It’s no secret that Yahoo, Facebook and Zappos are among the most in-demand and desirable companies to work for. But like a supermodel who has trouble getting a date, even these companies don’t always have it easy when it comes to attracting top tech talent.
Zappos, for instance, struggles with selling candidates on moving to Las Vegas, where the cost of living is lower and compensation isn’t as competitive as it is in Silicon Valley. Meanwhile, Yahoo and Facebook have had their fair share of not-so-great press (most recently for Yahoo, the company’s controversial ban on working from home, and for Facebook, its questionable psychological study).
Thanks to the innovative ways in which they approach recruiting, however, these companies have overcome these challenges and consistently manage to draw in the best of the best tech talent. During a panel at last spring’s ERE West Conference in San Diego about recruiting technology talent, representatives from Facebook, Zappos and Yahoo revealed the successful strategies they employ at their companies to recruit tech talent.
They focus on relationship-building, not recruiting.
We have to assume every candidate has two or three [other] offers, so we really have to know our candidates who are out there in order to engage them,” Lisa Nakashoji, senior director and talent builder at Yahoo, Inc, told the audience at ERE. That’s why at Yahoo, “it’s all about building relationships” with candidates.
One way the company engages candidates is through regular meet-up events, which brings together members of the community, Yahoo employees and other company professionals to talk about a particular subject. Instead of treating these gatherings as recruiting events, however, Yahoo looks at it as a way to gain insight into the community and build relationships with potential candidates.
Similarly, Facebook makes an effort to reach out personally to candidates. “There’s nothing worse than a spammy ‘Dear sir or Ma’am’ email,” Cortney Erin, head of global technical recruiting at Facebook, said during the panel. “Engagement is key. You should send a personalized message that differentiates you from anyone else. It might take us a while [to turn that relationship into a hire], but in the long run, there’s a payoff.”
They train their recruiters rigorously.
At Facebook, recruiters go through a “very rigorous training process” before they’re allowed to touch any candidates, according to Erin. “Each one of them goes through classroom training, then shadowing, then reverse shadowing. The whole process can take about a year.”
In a related, but more hands-on training approach, Yahoo has its hiring managers and engineers work together to source talent. “We reach out together,” said Nakashoji. “It helps the engineering team identify what we do and how we do it, and as a result, my team really begins to understand the specific role of the job.”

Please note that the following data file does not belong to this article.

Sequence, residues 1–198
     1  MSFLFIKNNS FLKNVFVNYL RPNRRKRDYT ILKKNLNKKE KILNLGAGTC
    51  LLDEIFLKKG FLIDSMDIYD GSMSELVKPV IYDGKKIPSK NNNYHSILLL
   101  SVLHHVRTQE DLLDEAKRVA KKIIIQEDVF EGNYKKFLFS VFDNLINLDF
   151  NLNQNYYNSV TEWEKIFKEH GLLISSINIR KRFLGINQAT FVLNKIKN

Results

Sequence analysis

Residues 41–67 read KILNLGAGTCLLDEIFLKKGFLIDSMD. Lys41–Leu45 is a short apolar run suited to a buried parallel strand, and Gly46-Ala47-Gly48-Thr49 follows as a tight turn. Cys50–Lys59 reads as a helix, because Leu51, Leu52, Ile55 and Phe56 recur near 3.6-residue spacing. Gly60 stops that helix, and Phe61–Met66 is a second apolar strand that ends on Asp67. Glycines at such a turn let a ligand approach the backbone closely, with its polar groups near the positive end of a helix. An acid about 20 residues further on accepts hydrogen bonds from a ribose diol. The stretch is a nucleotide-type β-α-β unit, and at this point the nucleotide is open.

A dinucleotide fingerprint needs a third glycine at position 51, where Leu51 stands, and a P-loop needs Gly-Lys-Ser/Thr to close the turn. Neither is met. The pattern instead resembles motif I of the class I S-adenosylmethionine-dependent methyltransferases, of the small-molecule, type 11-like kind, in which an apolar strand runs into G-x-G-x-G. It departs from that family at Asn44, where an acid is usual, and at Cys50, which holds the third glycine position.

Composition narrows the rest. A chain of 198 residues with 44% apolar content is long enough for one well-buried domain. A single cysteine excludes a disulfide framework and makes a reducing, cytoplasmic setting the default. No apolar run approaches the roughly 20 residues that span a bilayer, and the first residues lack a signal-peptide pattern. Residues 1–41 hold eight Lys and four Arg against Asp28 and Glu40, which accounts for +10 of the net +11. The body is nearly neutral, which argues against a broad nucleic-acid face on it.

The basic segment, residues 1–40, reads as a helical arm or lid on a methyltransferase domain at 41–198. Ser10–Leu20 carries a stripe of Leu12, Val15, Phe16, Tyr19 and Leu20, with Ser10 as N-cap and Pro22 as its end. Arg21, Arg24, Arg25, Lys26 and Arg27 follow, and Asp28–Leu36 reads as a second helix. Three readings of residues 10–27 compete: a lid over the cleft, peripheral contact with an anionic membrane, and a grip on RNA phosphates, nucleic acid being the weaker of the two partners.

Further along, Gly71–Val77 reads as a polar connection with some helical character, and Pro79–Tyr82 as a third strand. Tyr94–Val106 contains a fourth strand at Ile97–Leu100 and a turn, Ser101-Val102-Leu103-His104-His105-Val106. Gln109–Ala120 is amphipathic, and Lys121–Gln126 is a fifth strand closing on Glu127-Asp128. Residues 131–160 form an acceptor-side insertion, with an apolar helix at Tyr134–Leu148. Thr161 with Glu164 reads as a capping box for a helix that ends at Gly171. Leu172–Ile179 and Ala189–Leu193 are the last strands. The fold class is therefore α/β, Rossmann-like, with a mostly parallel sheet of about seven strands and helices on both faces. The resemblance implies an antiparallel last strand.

They kick their referral programs up a notch.
In order to increase both the quality and quantity of tech referrals, Zappos created a referral contest. “We launched a ‘Win a trip to Vegas’ referral contest and got a bunch of referrals that way,” explained Michael Bailen, senior human resources manager at Zappos. The company encouraged its followers to refer their best tech people for the chance to win a trip to Vegas. But they also made it as easy as possible to refer people “We looked through their network, asked for permission to get in touch, and then wrote the email for them,” Bailen said.
They proactively groom future talent.
A couple of years ago, Zappos created “Z Code,” a six-week paid internship designed to help interested candidates learn coding with the company’s engineering team. By the end of the program, the company ended up hiring seven of the 40 participants. (Both Cook Systems’ and CareerBuilder have similar training programs for individuals who want to learn the skills necessary to work in the technology field.)
They have buy-in from leadership.
Nakashoji attributes much of Yahoo’s success in recruiting talent to the company’s “really engaged leaders who help make recruiting a priority.” Not only do they support the efforts of the recruiting team, they’re involved in the process themselves. “There’s a lot more response when a leader reaches out to a candidate than when a recruiter calls,” according to Nakashoji.